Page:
Friday, July 1, 2005
Happy birthday, Carlisle! And many, many more!
Carlisle threw itself a big birthday party last weekend, ending with a spectacular fireworks show that none of us who sat in awe on Spalding Field that warm June evening will ever forget. The two-day Old Home Day and bicentennial celebration — illustrated in the pictures in this issue — showed once again that the small-town sense of community in Carlisle is alive and well.
This party was not the product of a government-sponsored event planner. The celebrations were conceived, organized and paid for through the generous contributions of its citizens. Notices in the Mosquito and one long e-mail chain produced more than enough dollars to pay for the fireworks (although the celebrations were moved to the weekend before the Fourth of July in order to capture significant savings). Many generously offered their time and efforts, not a cheap commodity in today's world.
The Old Home Day program lists many contributors, some of whom — such as OHD co-chairs Dave and Florence Reed — have given of themselves for decades. For the past 30 years, Ron Kmeic has superbly organized (and run) the one- and five-mile road races. And so many others have returned year after year to work on the OHD committee, or simply to join the fun. The event would not be a success without the large numbers of citizens of all ages that run the races, bake the cakes, share their artistic and musical talents, and train their frogs for the frog-jumping contest.
Two hundred years ago Carlisle was a rural farming community, a half day's buggy ride out of Boston and Cambridge. Today most farms are gone, the population is ten-fold higher and Boston is 30-minute commute by highway (without traffic), but Carlisle still looks and feels like a small town.
What will Carlisle become in another 50, 100, 200 years? It's safe to predict that it will not stay the same. If New England continues to prosper, there will inevitably be more people, more houses, more traffic, more noise and activity of daily living. But, perhaps we will also have a community center that provides a gathering place for young and old, a network of paths that allows walking to the center and to our conservation lands, maybe a neighborhood café, and a continuing tradition of town celebrations. Most importantly, as long as its citizens continue to share generously of their time, their land, their imagination and their wealth, the small-town essence of Carlisle will be preserved.
Some starting sentences, in no particular order
• A cool wet spring, some warm summer days, and a few well-timed thunderstorms have transformed the waiting winter landscape into a lush, almost overgrown, dense conflagration of a marvelous variety of greens punctuated by bursts of pink, purple, and yellow.
• Winning the World Series last October has not diminished the pleasure of watching the exciting play of the Red Sox this spring and early summer — from familiar pleasures like Big Papi slapping his hands together before each big swing, Johnny Damon with his idiot hair and smart hitting, Trot Nixon's severely sweat-stained Sox cap, and Varitek's classy captaincy, to new pleasures like Clement's quirky chin beard, Renteria's big boyish eyes, and even the thrill ride of every trip to the bullpen.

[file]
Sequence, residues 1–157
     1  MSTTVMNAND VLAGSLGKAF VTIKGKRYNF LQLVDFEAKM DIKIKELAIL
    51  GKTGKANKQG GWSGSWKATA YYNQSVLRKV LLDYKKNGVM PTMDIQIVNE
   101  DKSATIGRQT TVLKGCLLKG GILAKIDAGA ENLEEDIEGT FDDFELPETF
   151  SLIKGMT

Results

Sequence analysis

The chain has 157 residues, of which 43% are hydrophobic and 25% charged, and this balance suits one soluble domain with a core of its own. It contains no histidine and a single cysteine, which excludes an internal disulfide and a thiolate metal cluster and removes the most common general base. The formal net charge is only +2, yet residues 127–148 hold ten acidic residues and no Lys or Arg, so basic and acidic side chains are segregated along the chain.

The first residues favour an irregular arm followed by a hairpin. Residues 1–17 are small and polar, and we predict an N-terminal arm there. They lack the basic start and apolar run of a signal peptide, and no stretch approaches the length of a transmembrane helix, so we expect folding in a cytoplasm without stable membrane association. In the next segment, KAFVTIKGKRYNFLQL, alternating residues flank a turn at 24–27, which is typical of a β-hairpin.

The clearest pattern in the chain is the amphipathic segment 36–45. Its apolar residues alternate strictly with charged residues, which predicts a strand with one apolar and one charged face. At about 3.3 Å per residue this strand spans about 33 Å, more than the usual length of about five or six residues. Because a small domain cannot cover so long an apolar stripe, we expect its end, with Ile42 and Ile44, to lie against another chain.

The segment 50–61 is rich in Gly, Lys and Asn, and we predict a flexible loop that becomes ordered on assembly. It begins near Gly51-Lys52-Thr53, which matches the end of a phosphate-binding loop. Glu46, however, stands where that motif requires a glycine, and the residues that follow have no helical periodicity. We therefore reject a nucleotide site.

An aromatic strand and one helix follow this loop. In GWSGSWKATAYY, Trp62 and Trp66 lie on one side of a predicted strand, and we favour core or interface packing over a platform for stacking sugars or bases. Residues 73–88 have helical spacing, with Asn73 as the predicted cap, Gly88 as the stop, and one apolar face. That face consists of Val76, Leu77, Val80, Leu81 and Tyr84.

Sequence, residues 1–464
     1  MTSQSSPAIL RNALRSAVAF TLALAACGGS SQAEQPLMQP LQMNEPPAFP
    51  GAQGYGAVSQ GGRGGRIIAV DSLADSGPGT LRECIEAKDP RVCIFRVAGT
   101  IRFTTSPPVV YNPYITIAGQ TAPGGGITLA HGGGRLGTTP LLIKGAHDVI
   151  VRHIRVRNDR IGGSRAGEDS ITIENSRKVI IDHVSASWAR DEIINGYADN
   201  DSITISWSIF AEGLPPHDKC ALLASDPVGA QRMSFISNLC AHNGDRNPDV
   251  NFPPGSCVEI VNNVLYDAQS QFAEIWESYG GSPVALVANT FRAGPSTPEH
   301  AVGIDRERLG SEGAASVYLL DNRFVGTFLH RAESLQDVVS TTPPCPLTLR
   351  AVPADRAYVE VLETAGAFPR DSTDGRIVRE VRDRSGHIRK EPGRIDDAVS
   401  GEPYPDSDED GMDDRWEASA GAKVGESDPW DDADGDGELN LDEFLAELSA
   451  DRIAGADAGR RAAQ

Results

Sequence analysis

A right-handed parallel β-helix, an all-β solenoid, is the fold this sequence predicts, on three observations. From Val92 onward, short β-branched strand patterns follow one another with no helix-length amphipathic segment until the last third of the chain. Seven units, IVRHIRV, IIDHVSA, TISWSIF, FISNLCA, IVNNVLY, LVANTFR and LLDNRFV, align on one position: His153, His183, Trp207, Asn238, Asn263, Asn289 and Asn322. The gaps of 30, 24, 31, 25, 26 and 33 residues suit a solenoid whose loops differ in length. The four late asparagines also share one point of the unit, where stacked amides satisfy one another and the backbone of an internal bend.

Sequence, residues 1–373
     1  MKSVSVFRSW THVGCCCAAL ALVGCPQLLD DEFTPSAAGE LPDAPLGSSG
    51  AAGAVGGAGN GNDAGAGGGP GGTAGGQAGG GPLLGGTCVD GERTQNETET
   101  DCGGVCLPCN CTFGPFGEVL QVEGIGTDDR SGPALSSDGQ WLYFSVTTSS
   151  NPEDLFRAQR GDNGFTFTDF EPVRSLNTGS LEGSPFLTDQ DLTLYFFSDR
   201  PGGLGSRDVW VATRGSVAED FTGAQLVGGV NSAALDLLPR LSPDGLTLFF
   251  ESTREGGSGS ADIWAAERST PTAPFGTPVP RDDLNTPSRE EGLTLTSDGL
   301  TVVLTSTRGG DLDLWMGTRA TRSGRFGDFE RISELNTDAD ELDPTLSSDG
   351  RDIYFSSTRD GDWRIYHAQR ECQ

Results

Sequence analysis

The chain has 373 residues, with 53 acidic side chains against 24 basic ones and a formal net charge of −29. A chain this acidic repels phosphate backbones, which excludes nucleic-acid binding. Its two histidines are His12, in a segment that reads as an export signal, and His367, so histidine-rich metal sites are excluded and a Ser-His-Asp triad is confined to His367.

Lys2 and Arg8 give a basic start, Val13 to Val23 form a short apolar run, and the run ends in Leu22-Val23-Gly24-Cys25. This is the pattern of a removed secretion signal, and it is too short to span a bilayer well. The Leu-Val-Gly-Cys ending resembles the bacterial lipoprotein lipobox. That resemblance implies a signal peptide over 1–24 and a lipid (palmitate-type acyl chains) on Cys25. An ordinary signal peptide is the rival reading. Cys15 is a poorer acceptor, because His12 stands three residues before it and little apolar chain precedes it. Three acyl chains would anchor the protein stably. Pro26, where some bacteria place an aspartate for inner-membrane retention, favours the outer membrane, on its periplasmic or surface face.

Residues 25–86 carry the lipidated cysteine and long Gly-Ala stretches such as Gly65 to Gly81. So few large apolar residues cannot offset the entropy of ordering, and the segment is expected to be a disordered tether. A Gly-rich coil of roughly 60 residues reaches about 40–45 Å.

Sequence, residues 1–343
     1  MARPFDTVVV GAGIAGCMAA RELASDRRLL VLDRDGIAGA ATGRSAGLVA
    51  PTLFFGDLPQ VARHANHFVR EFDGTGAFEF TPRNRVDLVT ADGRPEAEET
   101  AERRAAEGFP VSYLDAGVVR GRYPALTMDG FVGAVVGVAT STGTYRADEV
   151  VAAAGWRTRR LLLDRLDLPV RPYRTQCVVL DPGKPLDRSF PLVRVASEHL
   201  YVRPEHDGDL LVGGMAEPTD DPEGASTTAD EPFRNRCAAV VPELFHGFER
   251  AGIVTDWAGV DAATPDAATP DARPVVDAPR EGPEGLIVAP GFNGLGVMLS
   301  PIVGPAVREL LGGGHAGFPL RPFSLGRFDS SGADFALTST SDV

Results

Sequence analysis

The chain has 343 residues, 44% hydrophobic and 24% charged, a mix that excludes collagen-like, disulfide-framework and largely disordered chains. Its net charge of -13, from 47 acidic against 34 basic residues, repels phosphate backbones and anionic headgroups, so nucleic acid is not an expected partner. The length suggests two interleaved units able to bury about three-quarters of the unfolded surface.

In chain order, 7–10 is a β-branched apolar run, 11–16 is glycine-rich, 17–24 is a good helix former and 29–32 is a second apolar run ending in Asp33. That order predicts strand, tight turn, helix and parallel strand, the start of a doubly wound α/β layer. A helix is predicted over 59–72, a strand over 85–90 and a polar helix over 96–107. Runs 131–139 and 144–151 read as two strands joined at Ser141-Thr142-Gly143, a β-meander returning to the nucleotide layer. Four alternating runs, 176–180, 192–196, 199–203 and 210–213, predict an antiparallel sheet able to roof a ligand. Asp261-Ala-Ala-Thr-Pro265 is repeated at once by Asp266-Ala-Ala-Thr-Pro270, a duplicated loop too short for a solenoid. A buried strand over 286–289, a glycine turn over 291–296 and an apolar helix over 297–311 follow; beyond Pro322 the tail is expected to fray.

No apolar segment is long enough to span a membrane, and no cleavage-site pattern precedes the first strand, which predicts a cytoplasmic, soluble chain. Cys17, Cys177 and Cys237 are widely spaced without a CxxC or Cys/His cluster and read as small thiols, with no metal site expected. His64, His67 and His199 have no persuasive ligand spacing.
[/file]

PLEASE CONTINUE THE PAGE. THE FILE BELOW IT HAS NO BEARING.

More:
• Notwithstanding all the hard work that went into it, the affordable housing plan just completed doesn't really answer any questions — and finding answers to the questions it raises will be a major challenge for the town in the coming weeks, months and years.
• My Old Home Day experience was a bit different this year because I missed the midway at midday as I was helping out with the library book sale on the sweltriest day of the summer thus far (though not for as long as my wife and other dedicated volunteers were sweltering there), but I did manage to skip out at the end for my traditional stint of playing softball* barefoot at Spalding, and what could be more fun than that?
• I am saddened, especially as I drive past the flags decorating town center for Old Home Day and the Fourth of July, by the proposed constitutional amendment banning flag burning that passed the House last week by an astonishing two-thirds majority of Representatives who seem to have too little faith in the country and too much fear of the very freedom the flag represents.
• When I received a call from my mother last month telling me she'd be coming home early from her Costa Rica vacation because of a fall that had broken her hip, I gave thanks for one of the greatest gifts this most generous woman has given me: deciding several years ago, while healthy and able to take care of herself, to move to a townhouse in a continuing care facility in nearby Bedford.
• I'm sitting here drooling as I anticipate the pleasure of eating the first fat slice of my summer's first strawberry rhubarb pie — sweet strawberries and tangy rhubarb baked together under a latticed crust — just removed steaming and gleaming from the oven to cool in an hour or so to a still-warm wonderfulness that will be perfectly complemented by a scoop of vanilla ice cream from Kimball's.
• There's little more unsettling, especially for someone whose livelihood, such as it is, depends on his computer, to have it (without warning and therefore before way too many new files have been safely backed up) start acting like it has become possessed — fan suddenly turning hyper, CD drive whirring ominously, monitor light throbbing faintly on and off, and then its screen going black as it goes into a coma, perhaps never to regain consciousness.
• I know it will hit me sometime this summer, but so far the amazing fact that my daughter has graduated from high school and will be heading off to college in the fall has left me numb.
*[If the glove I found after the game belongs to you, let me know, but if not, it's a great glove and I'll make good use of it.]
© 2005 The